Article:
After I posted my "I'm related to Kyra Sedgwick" piece on Henry Louis Gates's "Finding Your Roots" site, a fellow contacted me to say he also was related to Sedgwick, and passed along the by-the-way that we were both related to Laura Ingalls Wilder.  He provided some of the connection, and I traced the rest.

"Cokie" Roberts
ée Mary Martha Corinne Morrison Claiborne Boggs)

My 12th cousin.  Again, discovered through the MayflowerHistory site.  We are both descended from William Brewster.

Kyra Sedgwick

The 5th great grand niece of husband of my 7th great grandmother. 

Watching the Henry Louis Gates "Roots" program, one of his guests was actress Kyra Sedgwick.  "Wait a moment," says I, "there's a Sedgwick on our family tree.  Maybe ..."

I had Kyra's father's name from the Web, and her 4th great grandfather's (Theodore Sedgwick, a prominent lawyer and participant in the Revolution in 18th century Massachusetts) from the show, so the rest was filling in the gaps between us and Theodore (via his grandfather) and between Theodore and Kyra (not all resources on the web were accurate in this aspect).

And all this because my 7th great grandfather David Whitney's wife was recorded in our family tree as "Prudence Merrill Sedgwick," erroneously it turns out, because Ebenezer Sedgwick was Prudence's first husband.

William "Buffalo Bill" Cody

3rd cousin 3x removed of wife of my 1st cousin 9x removed.  If that seems convoluted, just imagine the challenge of finding the links! 

My cousin Randy had long reminded me of our relationship to Buffalo Bill, but he did not have documentation, only knowing that it came through the "Blodgett line."  As may be seen from the description above, it's a path with several twists and turns.

It was only because someone else had set out the relationship from the Blodgetts, back to the Ingersolls, and then down to the Emersons and finally the Codys that I was able to fill in the gaps with a couple generations extension of our Blodgett line (and discovery that one of my forebears had mischaracterized "Amy Blodgett" as "Ann Blodgett").

Charles Sherwood Stratton
("Tom Thumb")

The half 5th great grand nephew of husband of my 1st cousin 7x removed.

This is really tenuous, but like "Buffalo Bill" above, was the result of a relative's challenge.  Richard Bates, my uncle, asked in an email, "Did you know we are related to Tom Thumb?"  I didn't, but it made sense, since his last name was Stratton, which is a prominent family branch for us.

Charles's Stratton line, however, proved a dead end, with a John Stratton born before 1682.  I could not trace down from our Strattons to find a John, either.  "But wait," says I, "there's a Sherwood in our family tree -- the husband of Elizabeth Jackson, granddaughter of the American originator of our Jackson line, Henry."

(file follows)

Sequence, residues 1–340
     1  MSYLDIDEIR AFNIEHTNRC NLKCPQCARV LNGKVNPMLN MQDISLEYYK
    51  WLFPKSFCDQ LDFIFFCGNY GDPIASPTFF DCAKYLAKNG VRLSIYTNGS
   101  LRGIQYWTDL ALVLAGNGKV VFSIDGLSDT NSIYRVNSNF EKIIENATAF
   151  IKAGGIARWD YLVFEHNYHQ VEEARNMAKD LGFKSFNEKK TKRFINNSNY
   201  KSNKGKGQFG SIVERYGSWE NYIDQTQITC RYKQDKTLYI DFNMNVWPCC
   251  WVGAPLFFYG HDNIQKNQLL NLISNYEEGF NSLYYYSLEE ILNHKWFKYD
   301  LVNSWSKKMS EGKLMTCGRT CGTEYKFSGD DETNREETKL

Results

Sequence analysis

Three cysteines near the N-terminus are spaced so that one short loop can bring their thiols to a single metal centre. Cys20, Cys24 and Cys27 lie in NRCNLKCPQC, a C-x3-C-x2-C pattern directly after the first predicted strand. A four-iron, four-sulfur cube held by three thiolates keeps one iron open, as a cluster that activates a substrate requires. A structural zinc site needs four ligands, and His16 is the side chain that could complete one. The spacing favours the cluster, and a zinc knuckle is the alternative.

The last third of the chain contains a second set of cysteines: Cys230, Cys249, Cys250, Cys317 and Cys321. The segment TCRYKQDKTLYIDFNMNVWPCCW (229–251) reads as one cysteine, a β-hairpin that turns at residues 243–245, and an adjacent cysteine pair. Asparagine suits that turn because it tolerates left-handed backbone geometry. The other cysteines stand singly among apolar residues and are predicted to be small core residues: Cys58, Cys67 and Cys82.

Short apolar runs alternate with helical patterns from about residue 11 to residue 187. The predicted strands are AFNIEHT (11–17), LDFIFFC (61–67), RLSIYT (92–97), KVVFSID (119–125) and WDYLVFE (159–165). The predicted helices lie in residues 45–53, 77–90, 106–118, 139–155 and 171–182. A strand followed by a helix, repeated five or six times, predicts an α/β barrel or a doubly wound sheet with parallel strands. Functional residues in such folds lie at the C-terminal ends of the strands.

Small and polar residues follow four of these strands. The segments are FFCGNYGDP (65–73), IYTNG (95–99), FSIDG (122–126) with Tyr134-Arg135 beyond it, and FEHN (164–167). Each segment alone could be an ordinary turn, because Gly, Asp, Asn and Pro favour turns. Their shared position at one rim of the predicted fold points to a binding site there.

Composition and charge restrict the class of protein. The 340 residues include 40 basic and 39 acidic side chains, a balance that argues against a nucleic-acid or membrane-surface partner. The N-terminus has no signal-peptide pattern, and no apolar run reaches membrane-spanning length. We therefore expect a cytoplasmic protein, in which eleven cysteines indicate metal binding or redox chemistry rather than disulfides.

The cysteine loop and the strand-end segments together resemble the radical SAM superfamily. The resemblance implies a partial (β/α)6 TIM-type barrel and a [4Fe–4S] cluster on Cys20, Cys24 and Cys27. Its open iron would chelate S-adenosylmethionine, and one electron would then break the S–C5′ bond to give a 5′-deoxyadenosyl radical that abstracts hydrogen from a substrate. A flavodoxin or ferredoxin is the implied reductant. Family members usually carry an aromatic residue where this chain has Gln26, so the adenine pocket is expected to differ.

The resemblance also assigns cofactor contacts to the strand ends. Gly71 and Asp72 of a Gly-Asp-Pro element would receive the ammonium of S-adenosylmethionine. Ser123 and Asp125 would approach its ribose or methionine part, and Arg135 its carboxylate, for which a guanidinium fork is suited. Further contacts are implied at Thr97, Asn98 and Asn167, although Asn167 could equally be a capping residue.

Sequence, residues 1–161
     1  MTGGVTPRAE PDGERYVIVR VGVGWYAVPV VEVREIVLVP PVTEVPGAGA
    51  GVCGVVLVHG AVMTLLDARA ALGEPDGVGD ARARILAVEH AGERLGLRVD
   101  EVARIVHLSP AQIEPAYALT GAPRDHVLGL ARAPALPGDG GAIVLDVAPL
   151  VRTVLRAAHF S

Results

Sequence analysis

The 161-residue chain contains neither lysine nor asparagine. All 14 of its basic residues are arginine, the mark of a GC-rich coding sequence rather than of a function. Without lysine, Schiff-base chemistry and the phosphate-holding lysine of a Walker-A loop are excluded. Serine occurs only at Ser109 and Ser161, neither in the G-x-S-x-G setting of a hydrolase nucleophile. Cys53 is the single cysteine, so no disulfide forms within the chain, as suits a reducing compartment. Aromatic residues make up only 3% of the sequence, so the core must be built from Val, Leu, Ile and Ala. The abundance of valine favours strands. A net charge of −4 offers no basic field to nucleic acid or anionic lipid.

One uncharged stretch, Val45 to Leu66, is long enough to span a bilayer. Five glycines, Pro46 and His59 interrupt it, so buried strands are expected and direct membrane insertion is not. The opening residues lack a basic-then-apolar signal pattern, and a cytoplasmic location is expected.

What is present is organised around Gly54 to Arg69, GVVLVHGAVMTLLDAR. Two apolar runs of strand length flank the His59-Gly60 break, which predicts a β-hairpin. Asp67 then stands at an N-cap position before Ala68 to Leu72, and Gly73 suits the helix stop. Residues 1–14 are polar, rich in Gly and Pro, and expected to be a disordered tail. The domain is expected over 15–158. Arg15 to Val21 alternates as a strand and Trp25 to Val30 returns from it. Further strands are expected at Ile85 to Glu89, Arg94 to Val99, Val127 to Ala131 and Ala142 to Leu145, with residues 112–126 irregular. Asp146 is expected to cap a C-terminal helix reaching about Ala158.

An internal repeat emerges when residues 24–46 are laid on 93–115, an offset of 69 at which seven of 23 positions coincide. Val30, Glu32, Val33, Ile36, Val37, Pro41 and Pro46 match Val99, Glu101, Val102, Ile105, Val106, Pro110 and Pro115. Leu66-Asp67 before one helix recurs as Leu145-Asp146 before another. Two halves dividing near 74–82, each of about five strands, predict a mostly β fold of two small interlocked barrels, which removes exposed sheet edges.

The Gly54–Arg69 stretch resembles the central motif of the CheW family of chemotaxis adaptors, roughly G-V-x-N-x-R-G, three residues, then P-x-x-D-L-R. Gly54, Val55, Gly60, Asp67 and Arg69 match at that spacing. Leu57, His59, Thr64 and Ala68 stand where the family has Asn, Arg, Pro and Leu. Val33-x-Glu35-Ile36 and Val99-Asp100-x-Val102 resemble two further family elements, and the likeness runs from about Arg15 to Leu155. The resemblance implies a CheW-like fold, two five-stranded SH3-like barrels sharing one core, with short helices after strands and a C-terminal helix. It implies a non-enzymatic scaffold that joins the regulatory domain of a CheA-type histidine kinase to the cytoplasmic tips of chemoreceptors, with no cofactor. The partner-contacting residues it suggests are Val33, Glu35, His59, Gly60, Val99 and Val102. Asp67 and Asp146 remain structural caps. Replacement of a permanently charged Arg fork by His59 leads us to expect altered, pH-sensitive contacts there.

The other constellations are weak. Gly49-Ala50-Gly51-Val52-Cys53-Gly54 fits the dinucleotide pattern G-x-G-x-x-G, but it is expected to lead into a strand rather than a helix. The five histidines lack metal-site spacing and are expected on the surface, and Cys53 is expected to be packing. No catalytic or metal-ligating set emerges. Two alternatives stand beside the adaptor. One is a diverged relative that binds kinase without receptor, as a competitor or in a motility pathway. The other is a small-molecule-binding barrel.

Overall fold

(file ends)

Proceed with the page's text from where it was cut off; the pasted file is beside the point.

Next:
I built up from Tom Thumb and down from Isaac Sherwood Sr.  It's a long and twisty route, but I was able to join the trees -- you can see it here if you wish (the path shown is from my mother).

Salmon Portland Chase

The 5th cousin 1x removed of the husband of the sister-in-law of the niece of the wife of my 2nd great grand uncle.

I hadn't thought I'd find anyone related who would exceed the lateral distance of Tom Thumb.  Then I found another relative in Elsie, Michigan (which town turns out to be hot-bed of intermarriage for my family):  Dr. Samuel Gillam.  Gillam's wife's sister married an Ichabod Chase.  I had another Chase (Elizabeth Chase) who married my 6th great grandfather's brother, so built back both lines to see if I could find a common ancestor.  That search was unavailing within immigrants to Colonial America (I later found a common ancestor born in early 16th century England, which did not improve upon the above relationship).

Then I remembered Doris Kearns Goodwin's Team of Rivals, about Abraham Lincoln's Cabinet, and Salmon Portland Chase.  Chase was a U.S. Senator, Governor of Ohio, Lincoln's Secretary of the Treasury, and finally the sixth Chief Justice of the United States.

His relationship is so distant as to be nearly meaningless, but it's a testament to finding a relationship when all you have in common is a last name.

William, Duke of Cambridge

My 18th cousin, again thanks to that same common Spencer ancestor way back in 14th century England.

The relationship, of course, comes through Diana Spencer, the late Princess of Wales, which also means I'm related by marriage to Queen Elizabeth.

Henry I Beauclerc

My 27th great grandfather.  When you get this far back, it's all a bit iffy.  I think the linkages are sound, however, albeit that we're descended from one of Henry's bastard sons, Rainald De Dunstanville, the 1st Earl of Cornwall.

William the Conqueror

Needless to say, therefore (unless you are ignorant of English history), my 28th great grandfather was William the Conqueror, and all my intervening line exists because he won the Battle of Hastings in 1066 C.E., making his son especially attractive to various high-born women in England, one of whom (Sybil Sybilla Adela Mistress Lady Corbet) was my 27th great grandmother!


My 38th great grandfather.  The same cautions mentioned just above apply here, too.  Someone once commented that being able to trace one's heritage back to royalty, and especially to Charlemagne (from whom the line stretches back to within a few hundred years of Christ, although in Northern Europe and not the Middle East), is rather the Holy Grail (so to speak) of genealogy.  For me, it simply tickled my funny bone.